Frances Saldana is one of the most remarkable women I know. She has lost all three of her children to Huntington’s disease (HD) – a nasty, fatal disease that steadily destroys the nerve cells in the brain – but still retains a fighting spirit and a commitment to finding a cure for HD. She is the President Emeritus for HD-Care, an organization dedicated to raising awareness about HD, and finding money for research to cure it. She recently wrote a Mother’s Day blog for HD-Care about the similarities between HD and COVID-19. As May is National Huntington’s Disease Awareness Month we wanted to share her blog with you.
COVID-19 has consumed our entire lives, and for many, our livelihoods. This is a pandemic like we have never experienced in our lifetime, bringing out in many families fear, financial devastation, disabilities, isolation, suffering, and worst of all, loss of life. But through all this, the pandemic has uncovered emotions in many who rose to the occasion – a fight and stamina beyond human belief.
As a family member who has lost all of my children to Huntington’s disease, it makes me so sad to watch and hear about the suffering that people all over the world are currently experiencing with COVID-19. This devastation is nothing new to Huntington’s disease families. Although Huntington’s disease (HD) is not contagious, it is genetic, and much of the uncertainty and fears that families are experiencing are so similar to what HD families experience….in slow motion, with unanswered questions such as:
- Who in my family is carrying the mutant HD gene? (Who in my family is carrying the coronavirus?)
- Who in my family will inherit the mutant HD gene? (Who will get infected by the COVID-19?)
- Will my loved on live long enough to benefit from a treatment for HD? (Will there be a vaccination soon if my loved one is infected by COVID-19?)
- How long will my HD family member live? (Will my affected COVID-19 loved one survive after being placed on a ventilator?)
- Is my HD family member going to die? (Will my COVID-19 family member die?)
In watching some of the footage of COVID-19 patients on TV and learning about the symptoms, it appears that those with a severe case of the virus go through similar symptoms as HD patients who are in the late and end-of-life stages: pneumonia, sepsis, pain, and suffering, to name a few, although for HD families, the journey goes on for years or even decades, and then carries on to the next generation, and not one HD patient will survive the disease. Not yet!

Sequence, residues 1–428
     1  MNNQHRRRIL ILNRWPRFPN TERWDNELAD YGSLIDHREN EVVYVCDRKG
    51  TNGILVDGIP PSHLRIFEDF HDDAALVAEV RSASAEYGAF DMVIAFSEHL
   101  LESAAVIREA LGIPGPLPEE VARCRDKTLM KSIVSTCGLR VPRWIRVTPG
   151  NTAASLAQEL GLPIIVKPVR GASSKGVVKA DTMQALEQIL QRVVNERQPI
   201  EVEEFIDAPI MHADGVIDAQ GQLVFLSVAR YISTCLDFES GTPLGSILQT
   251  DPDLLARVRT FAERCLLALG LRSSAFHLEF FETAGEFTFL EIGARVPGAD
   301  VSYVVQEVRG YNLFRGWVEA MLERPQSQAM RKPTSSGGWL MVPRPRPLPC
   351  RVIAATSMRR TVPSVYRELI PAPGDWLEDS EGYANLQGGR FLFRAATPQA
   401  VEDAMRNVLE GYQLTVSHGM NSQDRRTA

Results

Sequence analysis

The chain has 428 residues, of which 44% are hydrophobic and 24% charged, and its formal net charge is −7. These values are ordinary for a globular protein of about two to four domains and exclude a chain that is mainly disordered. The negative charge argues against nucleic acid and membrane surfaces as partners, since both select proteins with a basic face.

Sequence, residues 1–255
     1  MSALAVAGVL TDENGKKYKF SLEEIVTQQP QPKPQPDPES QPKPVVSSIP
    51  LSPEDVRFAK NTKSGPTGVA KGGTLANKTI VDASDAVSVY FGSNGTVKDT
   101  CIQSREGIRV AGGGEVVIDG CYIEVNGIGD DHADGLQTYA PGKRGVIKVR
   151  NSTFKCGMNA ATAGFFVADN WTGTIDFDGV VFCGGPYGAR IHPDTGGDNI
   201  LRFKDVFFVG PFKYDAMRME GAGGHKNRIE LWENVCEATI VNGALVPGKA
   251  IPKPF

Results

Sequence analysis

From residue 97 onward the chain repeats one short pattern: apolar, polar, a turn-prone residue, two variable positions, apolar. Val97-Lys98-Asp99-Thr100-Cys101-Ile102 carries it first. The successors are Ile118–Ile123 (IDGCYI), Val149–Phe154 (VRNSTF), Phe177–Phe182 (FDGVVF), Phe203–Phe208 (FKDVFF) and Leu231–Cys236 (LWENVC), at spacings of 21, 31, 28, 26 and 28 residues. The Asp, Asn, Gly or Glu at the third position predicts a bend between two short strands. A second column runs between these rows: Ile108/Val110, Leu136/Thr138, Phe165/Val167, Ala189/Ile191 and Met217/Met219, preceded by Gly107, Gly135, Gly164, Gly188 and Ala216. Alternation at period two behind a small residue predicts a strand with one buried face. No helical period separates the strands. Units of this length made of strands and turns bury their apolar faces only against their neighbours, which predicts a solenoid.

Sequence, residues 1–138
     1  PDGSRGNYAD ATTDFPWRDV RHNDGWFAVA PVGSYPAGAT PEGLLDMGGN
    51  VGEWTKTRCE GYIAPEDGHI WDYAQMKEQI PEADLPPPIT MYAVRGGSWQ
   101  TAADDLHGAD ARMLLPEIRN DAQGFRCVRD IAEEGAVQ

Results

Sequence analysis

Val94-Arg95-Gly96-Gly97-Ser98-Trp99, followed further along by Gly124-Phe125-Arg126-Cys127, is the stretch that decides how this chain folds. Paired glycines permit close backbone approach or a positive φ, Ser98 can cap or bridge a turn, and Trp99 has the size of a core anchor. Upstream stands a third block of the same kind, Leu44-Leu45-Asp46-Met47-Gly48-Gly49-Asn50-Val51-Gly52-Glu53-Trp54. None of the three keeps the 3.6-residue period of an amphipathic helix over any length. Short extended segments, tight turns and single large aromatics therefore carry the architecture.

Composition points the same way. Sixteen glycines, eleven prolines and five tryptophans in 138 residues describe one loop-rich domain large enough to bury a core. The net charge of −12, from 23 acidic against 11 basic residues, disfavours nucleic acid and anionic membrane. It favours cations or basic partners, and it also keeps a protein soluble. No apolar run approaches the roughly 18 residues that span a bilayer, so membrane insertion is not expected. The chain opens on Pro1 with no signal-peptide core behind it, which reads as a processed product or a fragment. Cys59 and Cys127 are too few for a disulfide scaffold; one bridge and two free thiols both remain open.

Scientists are working furiously all over the world to find a treatment for COVID-19. The same goes for scientists focused on Huntington’s disease research. Without their brilliant work we would have no hope. Without funding there would be no science. I have been saying for the last 20 years that we will have a treatment for Huntington’s disease in the next couple of years, but with actual facts and successful clinical trials, there is finally a light at the end of the tunnel and we have much to be thankful for. I feel it in my heart that a treatment will be found for both COVID-19 and Huntington’s disease very soon.
The month of May happens to be National Huntington’s Disease Awareness Month. Mother’s Day also falls in the month of May. Huntington’s disease “Warrior Moms” are exemplary women, and I have been blessed to have known a few. Driven by love for their children, they’ve worn many hats as caregivers, volunteers, and HD community leaders in organizations such as HD-CARE, HDSA, WeHaveAFace, Help4HD, HD Support &Care Network, and many others.
The mothers have often also been forced to take on the role of breadwinners when the father of the family has unexpectedly become debilitated from HD. In spite of carrying a heavy cross, HD Warrior Moms persevere, and they do it with endless love, often taking care of HD family members from one generation to the next. They are the front-line workers in the HD community, tirelessly protecting their families and at the same time doing all they can to provide a meaningful quality of life.
Many HD Warrior moms have lost their children in spite of their fierce fight to save them, but they keep their memory alive, never losing hope for a treatment that will end the pain, suffering, and loss of life. Many HD Warrior Moms have lost the fight themselves, not from HD, but from a broken heart. These are the HD Warrior Moms.
We salute them all. We love them all.
CIRM is funding several projects targeting HD. You can read about them here.